One of my all-time favorite anime is 3 Gatsu No Lion which roughly translates into March Comes in Like a Lion. It is unusual in that when I first tried it, the initial episodes were so depressing I couldn’t continue it. Thanks to the glowing reviews by all the anime bloggers here, I took it up again and made it thru to the good stuff. There are individual episodes that are among the finest ever made in all of anime.
3 Gatsu is about a lonely boy, Rei. His own family died and he was adopted by a friend of his father who was a Shogi fanatic. His childhood was rough. He was a genius at Shogi, so much so it caused his adoptive father to neglect his other children. A fantastic amount of resentment developed at home among his adopted siblings who could not compete. This was internalized as self-rejection and depression.
At school, Rei is an almost textbook case of Asperger’s syndrome. He lacks social skills. He lacks physical ability. He is bullied and teased and isolated. He is an alien in a world he doesn’t understand and which isn’t interested in understanding him. There is one place in the world he feels at home and that is at a shogi board. He is so good at it he is able to turn pro in middle school and live on his own, away from the strife at home.
He lives alone in a barren apartment eating junk. One day he is taken (underage) to a bar by older friends who were not friends. They got him drunk, spent all his money, and then abandoned him in the cold. Akari Kawamoto, a cocktail hostess, discovers him huddled against the wall outside and takes the boy in. Her family is loving and warm. And so begins a new chapter in an otherwise miserable life.
One of my favorite episodes of the series is the New Year’s episode.
Rei begins the episode and New Year’s Eve in bed with a cold. Now, you or I catch a cold and we’ll swallow a bunch of DayQuil and soldier on. This is an anime cold. It is just shy of an existential threat.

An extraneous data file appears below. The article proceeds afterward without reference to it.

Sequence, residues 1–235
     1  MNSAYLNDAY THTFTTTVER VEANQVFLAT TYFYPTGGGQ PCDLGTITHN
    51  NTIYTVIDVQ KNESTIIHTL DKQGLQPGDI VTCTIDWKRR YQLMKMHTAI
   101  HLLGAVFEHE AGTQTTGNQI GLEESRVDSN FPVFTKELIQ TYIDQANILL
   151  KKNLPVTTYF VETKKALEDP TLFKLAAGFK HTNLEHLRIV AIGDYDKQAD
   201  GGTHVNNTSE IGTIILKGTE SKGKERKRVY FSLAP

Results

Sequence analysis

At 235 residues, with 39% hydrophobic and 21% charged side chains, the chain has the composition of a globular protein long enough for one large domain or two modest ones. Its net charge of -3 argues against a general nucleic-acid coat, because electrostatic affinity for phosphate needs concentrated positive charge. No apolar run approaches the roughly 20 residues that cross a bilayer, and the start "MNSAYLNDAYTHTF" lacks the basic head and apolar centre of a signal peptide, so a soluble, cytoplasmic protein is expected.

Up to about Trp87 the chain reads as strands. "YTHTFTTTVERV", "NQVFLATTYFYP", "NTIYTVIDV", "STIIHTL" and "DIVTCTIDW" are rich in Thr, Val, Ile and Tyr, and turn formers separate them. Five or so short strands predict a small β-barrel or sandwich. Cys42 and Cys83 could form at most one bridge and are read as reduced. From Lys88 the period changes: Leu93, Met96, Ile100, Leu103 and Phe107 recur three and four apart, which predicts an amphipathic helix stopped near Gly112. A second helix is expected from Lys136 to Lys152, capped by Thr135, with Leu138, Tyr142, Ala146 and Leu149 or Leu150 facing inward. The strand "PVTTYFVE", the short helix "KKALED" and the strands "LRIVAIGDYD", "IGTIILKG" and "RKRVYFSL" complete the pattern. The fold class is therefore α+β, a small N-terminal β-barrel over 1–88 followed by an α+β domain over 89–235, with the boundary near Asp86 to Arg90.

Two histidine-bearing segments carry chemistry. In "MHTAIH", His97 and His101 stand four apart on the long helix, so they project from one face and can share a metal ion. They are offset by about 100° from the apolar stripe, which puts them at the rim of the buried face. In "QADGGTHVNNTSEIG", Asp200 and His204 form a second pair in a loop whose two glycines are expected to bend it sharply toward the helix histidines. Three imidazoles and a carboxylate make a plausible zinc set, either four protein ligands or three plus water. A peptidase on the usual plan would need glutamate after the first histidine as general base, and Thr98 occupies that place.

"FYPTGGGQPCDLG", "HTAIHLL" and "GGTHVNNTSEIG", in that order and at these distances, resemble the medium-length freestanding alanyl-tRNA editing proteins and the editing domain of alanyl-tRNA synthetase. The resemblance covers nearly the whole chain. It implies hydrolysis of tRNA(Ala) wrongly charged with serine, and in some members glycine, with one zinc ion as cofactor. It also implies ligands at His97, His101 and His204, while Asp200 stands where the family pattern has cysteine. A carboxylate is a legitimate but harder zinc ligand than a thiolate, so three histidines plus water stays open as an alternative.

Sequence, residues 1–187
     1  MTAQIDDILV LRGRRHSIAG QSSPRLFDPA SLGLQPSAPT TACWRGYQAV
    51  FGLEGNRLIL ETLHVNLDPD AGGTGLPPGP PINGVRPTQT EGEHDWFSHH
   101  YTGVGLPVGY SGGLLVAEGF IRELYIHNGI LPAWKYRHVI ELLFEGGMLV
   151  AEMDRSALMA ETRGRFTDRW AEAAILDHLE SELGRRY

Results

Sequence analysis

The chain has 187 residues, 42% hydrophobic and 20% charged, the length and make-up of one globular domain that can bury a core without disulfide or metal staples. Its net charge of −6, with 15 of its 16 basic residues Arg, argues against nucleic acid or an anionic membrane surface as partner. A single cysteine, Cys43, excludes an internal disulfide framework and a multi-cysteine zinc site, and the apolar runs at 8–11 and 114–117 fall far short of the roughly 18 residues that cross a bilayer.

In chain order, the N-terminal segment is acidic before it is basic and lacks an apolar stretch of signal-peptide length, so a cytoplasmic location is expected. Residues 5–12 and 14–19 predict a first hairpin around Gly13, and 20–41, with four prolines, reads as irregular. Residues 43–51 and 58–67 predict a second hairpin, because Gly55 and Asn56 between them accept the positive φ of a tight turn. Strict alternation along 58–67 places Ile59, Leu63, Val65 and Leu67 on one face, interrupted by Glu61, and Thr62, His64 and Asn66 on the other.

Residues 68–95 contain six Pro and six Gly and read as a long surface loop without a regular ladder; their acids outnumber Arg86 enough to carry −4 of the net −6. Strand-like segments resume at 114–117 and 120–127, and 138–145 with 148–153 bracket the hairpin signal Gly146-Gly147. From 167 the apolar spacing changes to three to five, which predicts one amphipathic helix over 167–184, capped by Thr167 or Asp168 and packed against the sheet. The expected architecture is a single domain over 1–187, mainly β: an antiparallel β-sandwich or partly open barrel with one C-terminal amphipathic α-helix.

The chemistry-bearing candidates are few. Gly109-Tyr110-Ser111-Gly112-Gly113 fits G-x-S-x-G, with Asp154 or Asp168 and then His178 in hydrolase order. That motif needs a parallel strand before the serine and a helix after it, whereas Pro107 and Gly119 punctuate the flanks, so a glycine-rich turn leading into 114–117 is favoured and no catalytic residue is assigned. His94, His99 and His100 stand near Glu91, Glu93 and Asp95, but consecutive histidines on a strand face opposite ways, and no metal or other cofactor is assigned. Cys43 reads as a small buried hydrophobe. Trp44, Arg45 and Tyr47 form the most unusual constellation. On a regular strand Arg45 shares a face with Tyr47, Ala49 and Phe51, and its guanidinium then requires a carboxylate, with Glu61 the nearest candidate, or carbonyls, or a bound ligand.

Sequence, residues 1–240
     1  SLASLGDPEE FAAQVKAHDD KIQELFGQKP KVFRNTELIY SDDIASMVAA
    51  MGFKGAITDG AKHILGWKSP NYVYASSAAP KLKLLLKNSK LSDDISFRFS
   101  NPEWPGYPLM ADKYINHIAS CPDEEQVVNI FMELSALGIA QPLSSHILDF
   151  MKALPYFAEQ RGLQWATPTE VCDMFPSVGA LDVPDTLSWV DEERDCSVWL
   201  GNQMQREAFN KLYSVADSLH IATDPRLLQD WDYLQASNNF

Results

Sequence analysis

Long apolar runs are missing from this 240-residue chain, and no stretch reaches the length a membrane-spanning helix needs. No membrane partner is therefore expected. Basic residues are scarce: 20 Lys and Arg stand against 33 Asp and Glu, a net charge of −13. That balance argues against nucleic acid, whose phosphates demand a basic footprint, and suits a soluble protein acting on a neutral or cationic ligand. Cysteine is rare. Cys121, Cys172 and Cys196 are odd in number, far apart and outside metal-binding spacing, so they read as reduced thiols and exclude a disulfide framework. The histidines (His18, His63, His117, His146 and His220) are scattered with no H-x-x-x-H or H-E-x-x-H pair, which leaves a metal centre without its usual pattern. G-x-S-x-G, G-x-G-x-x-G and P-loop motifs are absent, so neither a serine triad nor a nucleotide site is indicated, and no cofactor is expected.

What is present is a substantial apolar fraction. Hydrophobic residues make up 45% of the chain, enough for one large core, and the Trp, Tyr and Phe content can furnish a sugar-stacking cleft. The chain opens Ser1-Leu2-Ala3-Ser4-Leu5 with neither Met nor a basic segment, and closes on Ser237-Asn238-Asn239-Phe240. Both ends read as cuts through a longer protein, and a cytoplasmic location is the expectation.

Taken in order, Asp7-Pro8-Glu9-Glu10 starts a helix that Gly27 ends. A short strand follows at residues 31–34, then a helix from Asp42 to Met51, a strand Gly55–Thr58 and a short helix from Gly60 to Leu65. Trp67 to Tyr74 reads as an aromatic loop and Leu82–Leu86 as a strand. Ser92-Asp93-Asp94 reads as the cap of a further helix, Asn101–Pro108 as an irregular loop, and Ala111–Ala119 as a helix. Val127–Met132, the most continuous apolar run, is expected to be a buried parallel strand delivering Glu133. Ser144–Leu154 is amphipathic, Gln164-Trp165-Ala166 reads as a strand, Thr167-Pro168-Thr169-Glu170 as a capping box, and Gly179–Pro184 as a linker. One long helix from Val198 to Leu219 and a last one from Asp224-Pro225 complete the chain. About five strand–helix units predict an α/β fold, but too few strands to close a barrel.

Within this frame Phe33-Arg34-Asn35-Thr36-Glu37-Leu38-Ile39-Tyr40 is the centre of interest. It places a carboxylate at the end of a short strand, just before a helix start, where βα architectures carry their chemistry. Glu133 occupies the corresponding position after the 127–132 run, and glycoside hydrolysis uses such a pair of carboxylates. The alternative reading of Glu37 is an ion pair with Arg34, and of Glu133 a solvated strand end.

Rei holes up in his apartment in bed for three days, not eating, ignoring the mail, and ignoring the long-dead cell phone. So weak he won’t reach for a bottle of water that fell onto the floor. Now trying (and failing) to ignore the sudden pounding and calling at his door. It is Akari with her sisters, Chiaki and Momo. They’d called, got worried at his lack of response, came to investigate. They drag his butt out of there and get it diagnosed as a cold and not the even more deadly flu.
Don’t they have flu shots in Japan?
Next, they bring him over to their place to take care of. He is fed, medicated, and sent to bed. Then, just before midnight, Akari wakes him up. Time for some food and more medication. And maybe not to be so alone on this particular night.
This is a low-key New Year’s celebration. Everyone else is asleep. The television is shown broadcasting a traditional New Year’s program, Kohaku Uta Gassen, very much like Dick Clark’s New Year’s Rockin’ Eve in America. It will feature a pair of famous singers and there will be teams contesting in a sing-off. You can even see the network, NHK, in the banner.
A Buddhist gong will be rung 108 times to dispel any bad feeling from the old year and Kohaku will end just before the final gong.
Daddy was a deadbeat.